T-Mobile joined the 5G bandwagon, announcing it is collaborating with Samsung to conduct 5G lab tests. The trials will use Samsung’s advanced beam-forming technology and use T-Mobile’s 28 GHz spectrum. The two firms plan to expand the trials in early 2017.
This is the first time T-Mobile has publicly talked about its 5G trials. AT&T, Verizon, and Sprint have said they are currently conducting 5G trials.
At the 2016 CTIA Super Mobility conference earlier this week, Karri Kuoppamaki, VP of network technology development and strategy at T-Mobile, elaborated on the trial, saying the company is mainly focusing on beam-forming and massive multiple input, multiple output (MIMO) technologies.
Kuoppamaki said that 5G is an important part of T-Mobile’s network strategy. He added that the company views 5G as a complement to its LTE network, which will be the workhorse network for the future. “We are working on 5G like everyone else, and it’s starting to come together,” he said. “But we have a long way to go.”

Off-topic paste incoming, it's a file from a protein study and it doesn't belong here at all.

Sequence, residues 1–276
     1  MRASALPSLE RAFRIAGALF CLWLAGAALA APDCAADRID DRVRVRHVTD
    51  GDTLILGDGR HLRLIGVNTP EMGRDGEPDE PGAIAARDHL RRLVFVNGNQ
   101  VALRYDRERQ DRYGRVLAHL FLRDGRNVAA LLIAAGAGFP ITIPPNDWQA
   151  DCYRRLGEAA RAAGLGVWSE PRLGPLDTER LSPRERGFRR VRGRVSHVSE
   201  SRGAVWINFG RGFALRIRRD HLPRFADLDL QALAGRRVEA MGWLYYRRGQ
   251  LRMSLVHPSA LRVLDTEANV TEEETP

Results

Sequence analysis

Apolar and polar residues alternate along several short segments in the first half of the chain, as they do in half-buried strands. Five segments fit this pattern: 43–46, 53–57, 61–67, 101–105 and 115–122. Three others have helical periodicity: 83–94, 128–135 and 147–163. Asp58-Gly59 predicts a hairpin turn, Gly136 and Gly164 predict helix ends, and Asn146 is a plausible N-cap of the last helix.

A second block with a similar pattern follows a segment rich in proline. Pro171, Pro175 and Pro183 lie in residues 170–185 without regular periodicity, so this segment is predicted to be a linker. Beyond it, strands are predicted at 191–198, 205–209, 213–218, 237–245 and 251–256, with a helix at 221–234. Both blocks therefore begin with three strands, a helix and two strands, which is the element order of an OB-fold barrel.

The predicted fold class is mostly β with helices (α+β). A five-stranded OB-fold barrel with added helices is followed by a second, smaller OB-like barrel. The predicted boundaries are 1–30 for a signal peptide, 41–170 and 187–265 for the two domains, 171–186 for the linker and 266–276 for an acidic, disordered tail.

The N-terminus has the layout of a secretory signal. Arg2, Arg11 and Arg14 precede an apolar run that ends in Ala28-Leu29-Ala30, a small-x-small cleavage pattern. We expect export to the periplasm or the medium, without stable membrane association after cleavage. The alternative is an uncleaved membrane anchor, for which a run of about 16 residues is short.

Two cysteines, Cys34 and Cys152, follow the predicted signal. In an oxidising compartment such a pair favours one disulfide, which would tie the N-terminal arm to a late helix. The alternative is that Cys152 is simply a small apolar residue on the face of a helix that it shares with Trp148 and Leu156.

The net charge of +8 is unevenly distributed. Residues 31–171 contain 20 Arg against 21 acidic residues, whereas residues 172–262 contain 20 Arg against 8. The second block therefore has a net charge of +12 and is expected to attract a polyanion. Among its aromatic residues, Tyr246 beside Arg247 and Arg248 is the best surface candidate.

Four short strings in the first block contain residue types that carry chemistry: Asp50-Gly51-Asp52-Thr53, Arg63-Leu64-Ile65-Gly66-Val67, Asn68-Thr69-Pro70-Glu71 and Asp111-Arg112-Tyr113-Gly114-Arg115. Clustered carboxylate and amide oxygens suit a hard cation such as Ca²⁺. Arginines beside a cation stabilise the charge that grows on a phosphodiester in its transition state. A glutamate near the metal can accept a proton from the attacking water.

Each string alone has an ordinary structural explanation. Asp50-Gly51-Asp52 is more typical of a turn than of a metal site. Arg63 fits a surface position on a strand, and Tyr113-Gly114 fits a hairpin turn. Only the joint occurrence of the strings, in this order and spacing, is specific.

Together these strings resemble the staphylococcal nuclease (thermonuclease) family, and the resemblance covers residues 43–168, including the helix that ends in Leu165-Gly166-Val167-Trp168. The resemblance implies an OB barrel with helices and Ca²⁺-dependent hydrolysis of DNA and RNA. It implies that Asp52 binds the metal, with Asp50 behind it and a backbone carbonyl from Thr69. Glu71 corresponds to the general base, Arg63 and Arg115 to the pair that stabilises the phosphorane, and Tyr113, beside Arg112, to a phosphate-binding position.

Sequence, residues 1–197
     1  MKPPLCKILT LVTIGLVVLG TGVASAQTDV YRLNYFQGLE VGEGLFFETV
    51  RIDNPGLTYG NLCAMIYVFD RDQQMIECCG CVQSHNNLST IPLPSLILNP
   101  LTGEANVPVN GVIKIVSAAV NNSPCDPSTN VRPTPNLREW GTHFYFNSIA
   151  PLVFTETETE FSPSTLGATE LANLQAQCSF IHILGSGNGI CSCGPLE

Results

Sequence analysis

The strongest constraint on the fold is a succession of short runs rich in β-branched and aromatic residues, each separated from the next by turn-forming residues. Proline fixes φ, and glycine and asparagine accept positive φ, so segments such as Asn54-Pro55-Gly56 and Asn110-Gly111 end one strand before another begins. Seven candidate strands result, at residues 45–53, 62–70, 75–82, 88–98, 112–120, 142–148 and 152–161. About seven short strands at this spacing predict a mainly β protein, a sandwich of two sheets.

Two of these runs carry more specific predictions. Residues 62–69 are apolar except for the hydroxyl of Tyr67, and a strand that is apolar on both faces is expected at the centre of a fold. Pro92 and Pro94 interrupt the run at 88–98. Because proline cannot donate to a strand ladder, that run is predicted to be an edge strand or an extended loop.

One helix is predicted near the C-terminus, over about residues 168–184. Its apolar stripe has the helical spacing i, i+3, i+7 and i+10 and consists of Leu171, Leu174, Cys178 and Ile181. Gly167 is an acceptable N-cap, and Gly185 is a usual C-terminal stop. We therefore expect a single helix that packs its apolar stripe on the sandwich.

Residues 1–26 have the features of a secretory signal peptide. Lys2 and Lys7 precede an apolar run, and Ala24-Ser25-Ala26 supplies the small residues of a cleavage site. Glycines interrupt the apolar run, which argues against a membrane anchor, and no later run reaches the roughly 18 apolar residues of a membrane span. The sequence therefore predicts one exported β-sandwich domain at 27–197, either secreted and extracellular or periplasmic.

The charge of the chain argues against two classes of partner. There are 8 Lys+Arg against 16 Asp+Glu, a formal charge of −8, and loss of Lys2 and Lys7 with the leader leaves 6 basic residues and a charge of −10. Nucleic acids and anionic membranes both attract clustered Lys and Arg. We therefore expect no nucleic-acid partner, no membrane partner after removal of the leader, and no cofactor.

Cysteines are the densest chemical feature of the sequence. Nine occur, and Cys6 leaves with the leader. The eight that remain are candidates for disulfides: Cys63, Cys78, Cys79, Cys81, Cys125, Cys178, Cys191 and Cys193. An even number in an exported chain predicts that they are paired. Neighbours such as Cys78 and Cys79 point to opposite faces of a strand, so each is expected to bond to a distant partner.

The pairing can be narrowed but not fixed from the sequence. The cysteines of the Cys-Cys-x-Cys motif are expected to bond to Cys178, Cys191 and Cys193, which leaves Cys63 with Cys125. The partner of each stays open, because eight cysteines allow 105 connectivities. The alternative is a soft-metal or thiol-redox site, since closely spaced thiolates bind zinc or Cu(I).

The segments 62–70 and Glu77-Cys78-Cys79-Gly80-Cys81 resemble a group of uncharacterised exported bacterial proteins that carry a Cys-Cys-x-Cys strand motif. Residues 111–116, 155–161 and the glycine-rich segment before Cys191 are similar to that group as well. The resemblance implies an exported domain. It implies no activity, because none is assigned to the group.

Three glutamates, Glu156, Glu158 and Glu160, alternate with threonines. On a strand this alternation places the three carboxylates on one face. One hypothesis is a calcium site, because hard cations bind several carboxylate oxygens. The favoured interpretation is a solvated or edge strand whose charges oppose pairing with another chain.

5G dominated many conversations at this week’s CTIA show. Besides T-Mobile, US Cellular, the No. 5 operator in the U.S., said that it will be testing 5G this year. Mike Irazarry, CTO of US Cellular, said that it will be conducting two to three 5G trials, the first of which will start next week. Irazarry said the first trial will use 28 GHz band spectrum and the second will use 15 GHz spectrum. The trials will look specifically at network propagation characteristics.
Samsung and T-Mobile are both part of the White House’s initiative on 5G. Earlier this year the government said it will dedicate $400 million to 5G research to keep the U.S. on the cutting edge of wireless networking. The National Science Foundation (NSF) is leading the 5G initiative, called Advanced Wireless Research.
Experts have speculated that the NSF research will explore difficult technical problems and get input from academia as well as public companies. The $400 million fund will help extend 5G research beyond what companies can do with their own R&D budgets.